Surveying U.S. and French Muslims

The results of two interesting surveys were released recently: one by the Pew Research Center on U.S. Muslims’ lives and attitudes and one by IFOP (the leading French market research and opinion poll institute) on French Muslims and the evolution of their socio-religious attitudes over the past two decades.

These two Muslim communities are important these days for a variety of reasons — mainly political in the States (with the 10th anniversary of 9/11 and more general considerations) and socio-political in France (with the debates about “national identity,” immigration, integration, etc.). And indeed, one finds the two surveys reflecting those interests very sharply in the questions that were asked. Consequently, the French survey was much more interesting, at least for me, as it explored more the religious attitudes (and their evolution) of the Muslim community there.

Let me now briefly review the main highlights of the two surveys. In the Pew survey of U.S. Muslims, and keeping in mind the strong slant toward political issues,

  • 21 percent of the respondents said that there was at least “a fair amount” of support for extremism in their community, whereas 40 percent of the general population believed there is such support among U.S. Muslims;
  • 48 percent of the respondents say that their community leaders “have not done enough” in speaking out against extremists;
  • 84 percent of the respondents report negative experiences (singled out at airports or by law officers, been called offensive names, etc.) over the past year;
  • 56 percent of the respondents say that Muslims who come to the U.S. want to integrate to the American lifestyle, but only 33 percent of the general population believe that to be true. However, when actual lifestyles are examined (watching TV, following football/sports, etc.), no significant differences are found, except perhaps in the displaying of the American flag (44 percent compared to 59 percent in the general population);
  • On homosexuality, 45 percent said it should be discouraged by society, while 39 percent said it should be accepted;
  • 69 percent of U.S. Muslims said religion was “very important in their lives,” same as U.S. Christians (70 percent);
  • 47 percent of Muslims said they attend worship services at least once a week, compared to 45 percent of U.S. Christians.

It should be noted, however, that “attending worship services” is neither a requirement in Muslim religious practice nor an easy possibility for American Muslims (dearth of mosques and difficulty to attend the weekly sermon and prayer, which takes place on Friday in the middle of the day — a time when most people are at work).

The IFOP survey of French Muslims focused much more on socio-religious attitudes and looked for trends between 1989 and 2011.

Contrary to the U.S. survey, the French one first attempted to define the “Muslim” label by dividing “French Muslims” into three sub-groups:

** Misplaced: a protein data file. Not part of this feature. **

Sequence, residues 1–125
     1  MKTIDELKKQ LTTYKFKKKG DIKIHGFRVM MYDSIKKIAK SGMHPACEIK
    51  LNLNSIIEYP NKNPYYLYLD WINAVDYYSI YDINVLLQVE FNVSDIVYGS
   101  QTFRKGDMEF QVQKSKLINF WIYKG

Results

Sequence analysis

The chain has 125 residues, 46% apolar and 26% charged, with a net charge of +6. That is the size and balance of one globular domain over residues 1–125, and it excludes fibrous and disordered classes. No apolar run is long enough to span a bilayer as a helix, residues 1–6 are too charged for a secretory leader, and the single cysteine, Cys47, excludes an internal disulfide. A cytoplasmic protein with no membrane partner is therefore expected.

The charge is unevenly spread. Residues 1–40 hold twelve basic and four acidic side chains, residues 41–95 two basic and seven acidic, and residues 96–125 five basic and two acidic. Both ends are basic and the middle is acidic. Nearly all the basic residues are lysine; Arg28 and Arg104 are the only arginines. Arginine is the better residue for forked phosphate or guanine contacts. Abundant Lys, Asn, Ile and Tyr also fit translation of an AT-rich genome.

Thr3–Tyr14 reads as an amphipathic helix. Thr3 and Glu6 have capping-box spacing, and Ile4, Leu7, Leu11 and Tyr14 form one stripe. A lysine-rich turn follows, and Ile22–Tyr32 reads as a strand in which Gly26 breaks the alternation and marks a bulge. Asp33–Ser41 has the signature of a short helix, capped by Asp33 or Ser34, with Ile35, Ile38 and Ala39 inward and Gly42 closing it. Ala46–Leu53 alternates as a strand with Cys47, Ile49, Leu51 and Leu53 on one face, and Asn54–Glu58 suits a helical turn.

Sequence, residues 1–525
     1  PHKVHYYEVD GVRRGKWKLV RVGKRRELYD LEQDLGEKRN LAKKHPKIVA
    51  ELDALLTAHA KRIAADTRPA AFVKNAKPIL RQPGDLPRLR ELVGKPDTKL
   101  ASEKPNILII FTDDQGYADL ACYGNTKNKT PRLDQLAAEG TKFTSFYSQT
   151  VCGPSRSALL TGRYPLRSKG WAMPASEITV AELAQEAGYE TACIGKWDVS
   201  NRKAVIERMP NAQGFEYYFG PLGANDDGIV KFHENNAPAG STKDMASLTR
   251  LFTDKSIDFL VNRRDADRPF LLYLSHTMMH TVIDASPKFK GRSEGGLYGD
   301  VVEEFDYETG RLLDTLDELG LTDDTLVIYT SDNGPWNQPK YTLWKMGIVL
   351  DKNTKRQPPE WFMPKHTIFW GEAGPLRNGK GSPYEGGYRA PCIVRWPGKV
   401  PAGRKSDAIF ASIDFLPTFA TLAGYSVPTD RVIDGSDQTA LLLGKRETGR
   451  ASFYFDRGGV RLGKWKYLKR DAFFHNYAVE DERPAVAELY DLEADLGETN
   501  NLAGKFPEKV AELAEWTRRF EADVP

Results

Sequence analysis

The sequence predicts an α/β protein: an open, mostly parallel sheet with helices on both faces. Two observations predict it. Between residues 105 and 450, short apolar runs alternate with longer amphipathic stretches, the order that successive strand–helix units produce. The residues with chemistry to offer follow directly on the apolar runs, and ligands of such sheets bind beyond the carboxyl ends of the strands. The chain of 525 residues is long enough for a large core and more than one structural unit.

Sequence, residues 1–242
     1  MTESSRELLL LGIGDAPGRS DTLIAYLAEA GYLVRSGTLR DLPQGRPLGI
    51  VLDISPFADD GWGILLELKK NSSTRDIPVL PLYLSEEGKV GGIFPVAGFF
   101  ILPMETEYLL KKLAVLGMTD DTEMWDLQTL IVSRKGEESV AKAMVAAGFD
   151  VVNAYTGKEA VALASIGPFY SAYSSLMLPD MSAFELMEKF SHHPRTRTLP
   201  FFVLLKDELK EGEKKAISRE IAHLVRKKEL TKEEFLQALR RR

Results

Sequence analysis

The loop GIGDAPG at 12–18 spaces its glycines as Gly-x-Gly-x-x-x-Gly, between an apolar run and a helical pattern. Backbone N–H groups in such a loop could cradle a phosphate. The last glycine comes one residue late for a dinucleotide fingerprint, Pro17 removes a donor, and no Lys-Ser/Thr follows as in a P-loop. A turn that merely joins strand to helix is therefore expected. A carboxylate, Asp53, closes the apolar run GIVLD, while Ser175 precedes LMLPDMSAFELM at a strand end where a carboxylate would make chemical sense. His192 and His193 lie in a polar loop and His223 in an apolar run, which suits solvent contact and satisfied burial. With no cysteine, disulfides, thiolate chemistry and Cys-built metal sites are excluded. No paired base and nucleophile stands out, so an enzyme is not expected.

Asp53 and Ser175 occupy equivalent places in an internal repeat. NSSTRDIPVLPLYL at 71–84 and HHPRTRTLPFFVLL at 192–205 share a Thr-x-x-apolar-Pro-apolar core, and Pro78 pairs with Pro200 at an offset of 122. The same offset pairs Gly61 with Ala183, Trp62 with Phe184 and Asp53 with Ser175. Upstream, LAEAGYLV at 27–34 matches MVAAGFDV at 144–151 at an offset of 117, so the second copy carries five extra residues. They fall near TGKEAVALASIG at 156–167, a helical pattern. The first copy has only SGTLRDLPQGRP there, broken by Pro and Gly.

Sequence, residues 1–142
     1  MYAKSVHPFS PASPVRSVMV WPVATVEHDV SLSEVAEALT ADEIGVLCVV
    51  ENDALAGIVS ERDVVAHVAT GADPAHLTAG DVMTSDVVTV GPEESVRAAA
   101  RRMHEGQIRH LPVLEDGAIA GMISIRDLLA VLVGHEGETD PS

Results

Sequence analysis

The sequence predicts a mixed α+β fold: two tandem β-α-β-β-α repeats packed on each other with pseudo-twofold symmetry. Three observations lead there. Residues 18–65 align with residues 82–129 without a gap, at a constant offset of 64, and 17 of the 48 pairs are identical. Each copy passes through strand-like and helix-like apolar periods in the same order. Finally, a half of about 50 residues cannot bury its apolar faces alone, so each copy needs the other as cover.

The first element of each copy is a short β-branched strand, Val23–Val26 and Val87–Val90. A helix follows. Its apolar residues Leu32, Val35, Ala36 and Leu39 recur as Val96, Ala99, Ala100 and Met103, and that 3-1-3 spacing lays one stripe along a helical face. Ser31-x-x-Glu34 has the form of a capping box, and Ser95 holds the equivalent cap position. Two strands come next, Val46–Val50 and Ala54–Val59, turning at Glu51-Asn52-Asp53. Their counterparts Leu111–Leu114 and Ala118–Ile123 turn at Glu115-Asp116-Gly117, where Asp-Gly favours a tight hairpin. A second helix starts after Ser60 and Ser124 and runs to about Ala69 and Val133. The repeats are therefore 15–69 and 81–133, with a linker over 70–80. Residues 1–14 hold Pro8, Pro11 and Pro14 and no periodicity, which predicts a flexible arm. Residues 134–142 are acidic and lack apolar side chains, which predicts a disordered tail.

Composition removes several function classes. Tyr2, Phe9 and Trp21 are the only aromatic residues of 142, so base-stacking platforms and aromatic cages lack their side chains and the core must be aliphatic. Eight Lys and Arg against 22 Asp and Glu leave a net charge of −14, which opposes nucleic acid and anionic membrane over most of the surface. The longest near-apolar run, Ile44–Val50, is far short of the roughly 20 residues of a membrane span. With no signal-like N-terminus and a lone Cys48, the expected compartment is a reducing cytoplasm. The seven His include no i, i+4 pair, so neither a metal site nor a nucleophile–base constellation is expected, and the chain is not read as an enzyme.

• believing and practicing Muslims (41 percent in 2011)
  • believing (but not “practicing”) Muslims (34 percent in 2011)
  • of Muslim origin (22 percent in 2011)

It did so by asking respondents to identify themselves as belonging to one of these groups. It later correlated this self-labeling with the practices and attitudes that the respondents were asked about and found that “being a practicing Muslim” correlates most strongly with two practices: praying each day and going to the mosque on Friday. Other practices, e.g. fasting in Ramadan, do not make people declare themselves as “practicing Muslims.”

Here below are the highlights of that survey:

  • Praying daily, after dropping from 41 percent to 31 percent between 1989 and 1994, has increased steadily to 39 percent; likewise for going to the mosque on Friday, which has increased to 25 percent, particularly among the youth, increasing from 7 percent to 23 percent. (The report points out that only 5 percent of French Catholics go to church at least once a month.) Another small surprise is that, unlike the case in much of the Muslim world where the Friday prayer at the mosque remains largely a male activity, in France 16 percent of (practicing) Muslim women do that, compared to 35 percent of (practicing) Muslim men.
  • Fasting in Ramadan provided another surprise: 71 percent of respondents declared fasting the whole month, with an additional 9 percent doing it “some days.” The percentage of those stating openly that they do not fast has decreased from 32 percent to 20 percent. In France, considering various social factors, this is quite impressive.
  • Alcohol drinking has also decreased from 39 percent to 32 percent, with only 22 percent of women, compared to 44 percent of men.
  • Women wearing headscarves (the “veil,” as the French refer to it) regularly represent 26 percent of “practicing Muslim women,” with an additional 6 percent doing it sometimes or rarely. The practice is still much stronger among older women.
  • The survey asked Muslim women the extent to which they would accept seeing their daughters marry a non-Muslim man (a practice that is forbidden by religious law). Predictably, the answers varied tremendously among those who define themselves as “practicing,” “believing” (but “not practicing”) and “of Muslim origin.” Full acceptance was: 29 percent, 56 percent and 76 percent; with reluctance/unhappiness was 27 percent, 30 percent and 17 percent, respectively.
  • On homosexuality, likewise, one finds a large spectrum of views, largely correlating with the religious adherence of the individual: acceptance was 23 percent, 42 percent and 66 percent among the “practicing,” “believing” and “of Muslim origin,” respectively; rejection was 77 percent, 52 percent and 29 percent.

I’ll be very interested in readers’ comments (from everywhere).

By Nidhal Guessoum, published in The Huffington Post, September 21st 2011.